Just Sociology

Religion as a Barrier or Catalyst for Social Change: Debating Theories

The role of religion in social change has always been a topic of debate among scholars. Some observers argue that religion is a barrier to social change, while others contend that it can be a catalyst for progressive transformation.

This article examines both sides of the argument and explores the complex theories surrounding the effect of religion on social change. In doing so, this article will discuss functionalism,

Marxism, feminism, and other theoretical approaches that provide evidence in favor of the view that religion is a barrier to social change.

It will also discuss liberation theology,

Max Weber’s theories, and other theoretical frameworks that contradict this viewpoint.


Functionalism argues that all parts of a society contribute to its stability and maintenance, including religion. According to functionalists, religion establishes value consensus and social order, which ensures stability within society.

Functionalists believe that religion helps maintain a sense of community and shared values among individuals. However, they also argue that too much change can lead to anomie, a state of normlessness that results from a breakdown of social order.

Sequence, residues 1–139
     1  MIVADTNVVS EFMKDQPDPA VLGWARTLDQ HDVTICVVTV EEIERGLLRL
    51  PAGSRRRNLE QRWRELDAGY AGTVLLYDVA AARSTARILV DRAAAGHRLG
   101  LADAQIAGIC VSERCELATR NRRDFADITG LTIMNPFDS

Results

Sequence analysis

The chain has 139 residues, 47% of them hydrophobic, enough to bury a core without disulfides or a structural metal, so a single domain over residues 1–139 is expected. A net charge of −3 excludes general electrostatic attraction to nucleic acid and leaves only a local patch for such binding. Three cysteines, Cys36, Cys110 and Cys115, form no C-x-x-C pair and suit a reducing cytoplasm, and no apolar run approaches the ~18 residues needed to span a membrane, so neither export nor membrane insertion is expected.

Thus, they believe that religion can serve as a barrier to social change by preserving the status quo and preventing anomie.


Marxist theory asserts that religion is a tool for ideological control that serves the interests of the ruling class. According to

Marxism, religion promotes false consciousness, a form of thinking that prevents the oppressed from recognizing and resisting their exploitation.

This creates inequality, injustice, and suffering, which leads to a resistance against change. In capitalist societies, religion reinforces the economic power structures and maintains the status quo for the ruling class.

Thus, religion can act as a barrier to social change by reinforcing the existing power structures.


Feminists argue that religion serves as a tool of oppression and maintains women’s second-class status. They contend that religion has been patriarchal throughout history, promoting male domination and exclusion of women from leadership positions.

Feminists advocate the rejection of traditional religious practices and call for the creation of alternative spiritualities that promote gender equality. Thus, religion can be a barrier to social change by consolidating patriarchy and perpetuating the marginalization of women.

The Church

The church has been viewed as a barrier to social change, especially in conservative societies. Religious institutions are often associated with political and economic power structures and are reluctant to endorse any challenges to the established order.